The DAO Governance Crisis: Part 1

Verisoul - Henry LeGard, CEO


Many are familiar with the governance crisis DAOs face: the vast majority of today’s DAOs are governed by a plutocracy in which each blockchain governance token represents 1 voting power (Token-Weighted Voting). Although governance tokens can be distributed based on merit - such as for contributions to the DAO or its community - each token can be transacted for currency, giving each one a monetary value. Therefore, the governance is fundamentally based on wealth, unlike most democratic governments today.

But many may not realize how challenged the current Plutocratic voting systems are, why they are core issues that need to be solved, and why DAOs haven't adopted different governance models. In this first of a two-part blog post, I will explore the problem and its impact on centralization, user engagement, and the longevity of DAOs. In part 2, I will explore possible solutions to this crisis, and will explain why other governance models haven't been widely implemented.

🪙 Token-weighted voting is widely adopted due to simplicity and incentive alignment

Token-weighted voting is the most common method of DAO governance, because it is simple to implement, easy to understand, and creates clear early-stage incentives for investors, founders, and contributors.

i) Easy to understand


Standard token-based voting is easy for new users to comprehend: each governance token has 1 voting power. Hence, more tokens = more power. And by transitive property, because tokens = money, money = power.

ii) Simple to implement

There already exist tools and vetted smart contracts that allow DAOs to implement token-weighted voting, so they don’t need to innovate or develop to adopt this model. It speeds time to deployment or time to go-live for DAOs.

iii) Aligns incentives

Token-weighted voting creates incentive alignment between the DAO treasury & token value and the holders of the token. Because each marginal token has an equally marginal voting value, there is a straightforward economic drive to purchase each token, and owning a marginal token is as meaningful as owning the prior token.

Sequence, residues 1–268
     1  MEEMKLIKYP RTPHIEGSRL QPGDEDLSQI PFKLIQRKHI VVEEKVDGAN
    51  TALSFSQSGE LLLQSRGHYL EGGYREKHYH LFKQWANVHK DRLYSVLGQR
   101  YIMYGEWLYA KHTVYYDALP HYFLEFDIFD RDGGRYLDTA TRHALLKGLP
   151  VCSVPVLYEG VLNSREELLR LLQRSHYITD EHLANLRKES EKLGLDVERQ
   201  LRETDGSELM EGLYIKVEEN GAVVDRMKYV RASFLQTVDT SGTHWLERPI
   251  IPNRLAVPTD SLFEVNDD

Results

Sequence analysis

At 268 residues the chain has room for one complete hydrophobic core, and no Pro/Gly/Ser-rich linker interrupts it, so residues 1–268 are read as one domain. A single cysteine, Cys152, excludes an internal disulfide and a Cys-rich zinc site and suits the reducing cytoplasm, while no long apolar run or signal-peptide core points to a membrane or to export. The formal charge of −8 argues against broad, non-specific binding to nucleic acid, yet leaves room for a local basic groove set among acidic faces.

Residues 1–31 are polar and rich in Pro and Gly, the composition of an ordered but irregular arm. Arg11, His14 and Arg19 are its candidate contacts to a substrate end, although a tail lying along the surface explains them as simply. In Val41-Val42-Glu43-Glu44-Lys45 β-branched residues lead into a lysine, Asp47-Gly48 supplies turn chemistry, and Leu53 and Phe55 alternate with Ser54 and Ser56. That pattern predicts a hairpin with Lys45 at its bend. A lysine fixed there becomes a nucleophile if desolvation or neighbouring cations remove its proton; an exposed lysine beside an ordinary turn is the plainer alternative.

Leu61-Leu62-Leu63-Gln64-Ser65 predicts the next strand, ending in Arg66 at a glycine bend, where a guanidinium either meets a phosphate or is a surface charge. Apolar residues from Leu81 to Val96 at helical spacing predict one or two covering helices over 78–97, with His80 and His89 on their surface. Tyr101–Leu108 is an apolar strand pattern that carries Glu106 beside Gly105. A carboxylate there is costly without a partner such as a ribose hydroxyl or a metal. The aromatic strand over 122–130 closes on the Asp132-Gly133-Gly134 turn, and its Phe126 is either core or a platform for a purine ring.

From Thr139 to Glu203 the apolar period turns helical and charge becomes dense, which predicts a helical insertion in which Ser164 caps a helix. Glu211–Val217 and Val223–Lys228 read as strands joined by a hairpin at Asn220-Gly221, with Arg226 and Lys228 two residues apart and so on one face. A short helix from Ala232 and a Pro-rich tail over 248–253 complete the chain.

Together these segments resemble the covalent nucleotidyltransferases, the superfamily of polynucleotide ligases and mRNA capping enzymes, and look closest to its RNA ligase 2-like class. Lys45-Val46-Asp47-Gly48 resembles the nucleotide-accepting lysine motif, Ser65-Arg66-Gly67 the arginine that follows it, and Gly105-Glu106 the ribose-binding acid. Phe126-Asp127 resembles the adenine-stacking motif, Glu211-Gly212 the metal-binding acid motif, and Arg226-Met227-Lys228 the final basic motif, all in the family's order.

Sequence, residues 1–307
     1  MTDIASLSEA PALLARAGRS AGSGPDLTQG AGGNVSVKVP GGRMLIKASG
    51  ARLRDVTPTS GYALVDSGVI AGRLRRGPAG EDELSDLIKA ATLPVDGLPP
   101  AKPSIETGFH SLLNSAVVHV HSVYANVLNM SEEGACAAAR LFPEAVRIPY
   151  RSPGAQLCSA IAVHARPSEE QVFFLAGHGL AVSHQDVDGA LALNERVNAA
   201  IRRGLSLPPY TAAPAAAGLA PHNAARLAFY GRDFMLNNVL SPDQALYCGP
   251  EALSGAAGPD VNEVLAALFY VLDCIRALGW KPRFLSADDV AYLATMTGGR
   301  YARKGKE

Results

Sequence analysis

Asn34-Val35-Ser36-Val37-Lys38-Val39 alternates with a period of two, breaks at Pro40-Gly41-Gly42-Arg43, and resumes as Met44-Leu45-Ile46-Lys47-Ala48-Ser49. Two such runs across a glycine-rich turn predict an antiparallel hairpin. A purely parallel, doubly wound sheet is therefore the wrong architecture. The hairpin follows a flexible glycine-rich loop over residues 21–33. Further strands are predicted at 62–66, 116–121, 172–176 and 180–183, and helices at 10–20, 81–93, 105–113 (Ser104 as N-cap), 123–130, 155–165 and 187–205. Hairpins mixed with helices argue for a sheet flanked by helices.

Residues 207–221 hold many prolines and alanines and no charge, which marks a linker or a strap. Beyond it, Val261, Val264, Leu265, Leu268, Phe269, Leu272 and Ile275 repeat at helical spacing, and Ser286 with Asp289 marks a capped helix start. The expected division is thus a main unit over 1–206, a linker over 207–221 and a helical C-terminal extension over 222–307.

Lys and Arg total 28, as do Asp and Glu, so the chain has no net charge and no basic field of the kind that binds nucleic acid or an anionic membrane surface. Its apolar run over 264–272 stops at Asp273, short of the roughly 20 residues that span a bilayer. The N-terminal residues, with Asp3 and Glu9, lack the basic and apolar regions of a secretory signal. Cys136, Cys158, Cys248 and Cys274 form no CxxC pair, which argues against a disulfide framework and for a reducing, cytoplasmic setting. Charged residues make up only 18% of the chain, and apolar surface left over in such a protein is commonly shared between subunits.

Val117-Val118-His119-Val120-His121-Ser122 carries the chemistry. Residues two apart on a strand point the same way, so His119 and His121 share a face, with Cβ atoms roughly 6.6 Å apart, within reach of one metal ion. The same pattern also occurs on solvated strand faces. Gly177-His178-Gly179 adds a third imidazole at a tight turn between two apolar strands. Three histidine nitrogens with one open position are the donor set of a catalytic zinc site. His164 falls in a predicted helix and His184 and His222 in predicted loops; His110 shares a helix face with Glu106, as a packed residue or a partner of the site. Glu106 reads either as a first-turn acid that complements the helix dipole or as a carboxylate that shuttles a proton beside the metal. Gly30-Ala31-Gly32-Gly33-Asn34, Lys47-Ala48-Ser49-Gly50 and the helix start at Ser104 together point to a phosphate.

• A counterfactual is seen in quadratic voting, in which each marginal token has a square root marginal voting power, so therefore has marginally less governance value, and therefore (all else equal), less economic value

Initial and subsequent sales of the token by the DAO treasury drive funding to the DAO. The prospect of token sales creates an incentive model for early founders/contributors, investors, speculators, etc., because there is a clear monetary / value reward system in the short-term - whereas different governance models may result in different reward systems and incentives.

👤 Token-weighted voting leads to high centralization and low participation

However, this model has several long-term drawbacks. For example, because governance tokens have currency value, new members must buy tokens to garner voting power - creating a Plutocracy in which the wealthiest members control the governance of the DAO. Invariably, this results in highly centralized bodies of a few members with outsized sway. And over time, lack of voice for the average member discourages their participation and drives user churn.

🏦 DAO voting power is more concentrated than wealth in the US


The Plutocratic voting systems have centralized DAO governance power within the few wealthy. On average, according to a study done by Chainalysis, just 1% of DAO members control 90% of DAO governance power. In The United States, by contrast—which many disparage for its wealth gap—the top 1% own just above 40% of the country's wealth.

📞 DAO voter participation is less than a cold call conversion

Given this level of power concentration, the average DAO member's vote means nearly nothing. If the top few members hold the overwhelming majority of the decisioning power, there is no reason for the average member to vote.

The result? The average DAO suffers from voter apathy unlike any organization we've explored. The average global voter turnout for political races: 64%; the average DAO voter turnout: 0.6%. A 100x difference. Furthermore, the average cold call success rate is more than 3 times higher than the participation rate of a DAO's existing members.


⚠️ Centralization and apathy threaten the longevity of DAOs

The current token-weighted governance model, although attractive at setup, threaten the longevity and livelihood of DAOs. Centralization and voter apathy increase the likelihood of governance attacks, create a vicious cycle that leads to user churn, and threaten the long-term success of DAOs.

i) Governance attacks


With so few voters per average proposal, and declining, the entire governance system of DAOs lacks resilience (and decentralization). In a poorly-attended vote, or if someone were to socially engineer or create fake identities (sybils) - the entire governance system could become compromised.

ii) Vicious cycle

High centralization and low participation create a downward spiral that is tough to reverse. If people don’t feel that their vote counts:

  • They are more likely to churn → churn increases centralization → decreases marginal member voting power → increases likelihood of churning → ….cycle

…Coming in Part 2

📜 Many DAOs know that they must adopt new governance, but lack of urgency, lack of solutions, and the threat of sybil attacks loom large